The best solution I've found so far for a golf code puzzle I'm working on includes two rather fat-looking invocations of
range. I'm very new at code golf, especially in Python, so I could use a few tips.
The relevant fragment is this
[x for x in range(n+1,7**6)if`x`==`x`[::-1]*all(x%i for i in range(2,x))]
The upper limit of the first
range is not a sharp one. It should be at least 98690, and all else being equal (golf-wise, that is), the smaller the difference between this upper limit and 98690 the better, performance-wise1. I'm using 76 (=117649) because
7**6 is the shortest Python expression I can come up with that fits the bill.
In contrast, the lower limit in the first
range, as well as both limits in the second one, are firm. IOW, the program (in its current form) will produce incorrect results if those limits are changed.
Is there a way to shorten one or both of the expressions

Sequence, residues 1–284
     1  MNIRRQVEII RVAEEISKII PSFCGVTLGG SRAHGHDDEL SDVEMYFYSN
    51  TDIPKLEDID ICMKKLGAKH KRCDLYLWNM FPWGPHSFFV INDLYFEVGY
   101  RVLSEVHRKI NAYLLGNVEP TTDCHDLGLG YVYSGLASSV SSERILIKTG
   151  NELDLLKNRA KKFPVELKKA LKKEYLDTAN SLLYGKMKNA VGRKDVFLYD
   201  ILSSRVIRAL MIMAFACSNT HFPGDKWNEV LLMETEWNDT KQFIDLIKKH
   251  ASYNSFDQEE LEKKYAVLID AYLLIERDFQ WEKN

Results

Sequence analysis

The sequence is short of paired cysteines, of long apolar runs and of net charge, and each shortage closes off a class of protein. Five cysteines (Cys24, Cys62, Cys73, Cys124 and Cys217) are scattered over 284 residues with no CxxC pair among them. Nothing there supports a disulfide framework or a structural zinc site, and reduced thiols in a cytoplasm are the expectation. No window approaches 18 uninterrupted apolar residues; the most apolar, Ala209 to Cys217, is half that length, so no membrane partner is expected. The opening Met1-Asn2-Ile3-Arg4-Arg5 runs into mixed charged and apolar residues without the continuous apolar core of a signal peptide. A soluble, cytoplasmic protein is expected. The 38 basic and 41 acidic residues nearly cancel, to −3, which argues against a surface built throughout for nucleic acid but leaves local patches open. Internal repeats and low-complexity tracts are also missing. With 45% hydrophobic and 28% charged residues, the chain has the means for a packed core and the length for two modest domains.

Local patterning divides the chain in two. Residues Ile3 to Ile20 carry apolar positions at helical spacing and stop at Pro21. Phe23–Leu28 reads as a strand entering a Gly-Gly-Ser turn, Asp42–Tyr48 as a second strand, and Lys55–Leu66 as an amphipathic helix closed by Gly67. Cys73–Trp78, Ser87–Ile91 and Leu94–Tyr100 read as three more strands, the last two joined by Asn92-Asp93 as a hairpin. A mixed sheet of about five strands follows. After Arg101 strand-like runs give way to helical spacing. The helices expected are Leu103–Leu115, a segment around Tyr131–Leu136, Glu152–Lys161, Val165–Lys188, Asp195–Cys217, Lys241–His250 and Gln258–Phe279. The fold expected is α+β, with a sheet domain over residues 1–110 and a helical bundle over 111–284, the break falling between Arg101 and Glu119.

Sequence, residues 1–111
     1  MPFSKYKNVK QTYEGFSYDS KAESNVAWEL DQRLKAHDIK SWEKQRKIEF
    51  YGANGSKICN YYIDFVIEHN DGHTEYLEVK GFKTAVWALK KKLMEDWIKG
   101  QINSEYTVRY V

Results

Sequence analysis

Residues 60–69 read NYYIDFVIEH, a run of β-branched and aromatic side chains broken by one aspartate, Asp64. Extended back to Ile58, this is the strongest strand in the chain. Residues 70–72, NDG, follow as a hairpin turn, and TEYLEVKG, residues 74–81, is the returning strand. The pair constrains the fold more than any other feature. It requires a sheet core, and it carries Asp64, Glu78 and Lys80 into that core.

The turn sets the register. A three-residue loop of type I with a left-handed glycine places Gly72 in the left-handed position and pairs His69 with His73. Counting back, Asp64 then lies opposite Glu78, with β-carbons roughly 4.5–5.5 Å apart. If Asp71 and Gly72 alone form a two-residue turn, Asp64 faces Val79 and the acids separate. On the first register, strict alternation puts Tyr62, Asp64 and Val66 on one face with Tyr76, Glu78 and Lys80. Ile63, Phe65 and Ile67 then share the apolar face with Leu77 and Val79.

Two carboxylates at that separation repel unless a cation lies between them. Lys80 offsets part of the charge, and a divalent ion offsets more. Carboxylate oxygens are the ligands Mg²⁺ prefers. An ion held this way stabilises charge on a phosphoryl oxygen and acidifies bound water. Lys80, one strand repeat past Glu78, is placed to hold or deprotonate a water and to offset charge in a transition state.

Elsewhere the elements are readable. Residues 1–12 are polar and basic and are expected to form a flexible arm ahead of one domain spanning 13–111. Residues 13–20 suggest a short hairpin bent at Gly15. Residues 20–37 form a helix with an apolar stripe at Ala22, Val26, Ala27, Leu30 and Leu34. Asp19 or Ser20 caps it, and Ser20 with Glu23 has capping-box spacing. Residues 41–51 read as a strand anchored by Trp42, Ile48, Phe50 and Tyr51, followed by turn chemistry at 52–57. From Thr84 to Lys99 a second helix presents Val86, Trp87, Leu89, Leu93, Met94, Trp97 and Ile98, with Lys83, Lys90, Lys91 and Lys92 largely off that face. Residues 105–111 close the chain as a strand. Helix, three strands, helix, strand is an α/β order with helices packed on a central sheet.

BTW, in this case, aliasing
range to, say,
r gains nothing:
EDIT: FWIW, the full program is this:
p=lambda n:[x for x in range(n+1,7**6)if`x`==`x`[::-1]*all(x%i for i in range(2,x))]
p(n) should be the smallest palindromic prime greater than
p should not be recursive. Warning: It is already obscenely slow!
1Yes, I know: performance is irrelevant in code golf, but that's why I wrote "all else being equal (golf-wise, that is)". For example, my choice of
7**6, and not the more immediately obvious, but poorer-performing, "golf-equivalent" alternative
9**9. I like to actually run my code golf attempts, which means not letting the performance degrade to the point that it would take years to run the code. If I can help it, of course.
p=lambda n:(x for x in xrange(n+1,7**6)if`x`==`x`[::-1]*all(x%i for i in xrange(2,x))).next(). Of course, while your at that, might as well change
xrange(2,int(x**.5+1))and make your testing really fast. Clearly this code is equivalent to yours, just longer and faster. \$\endgroup\$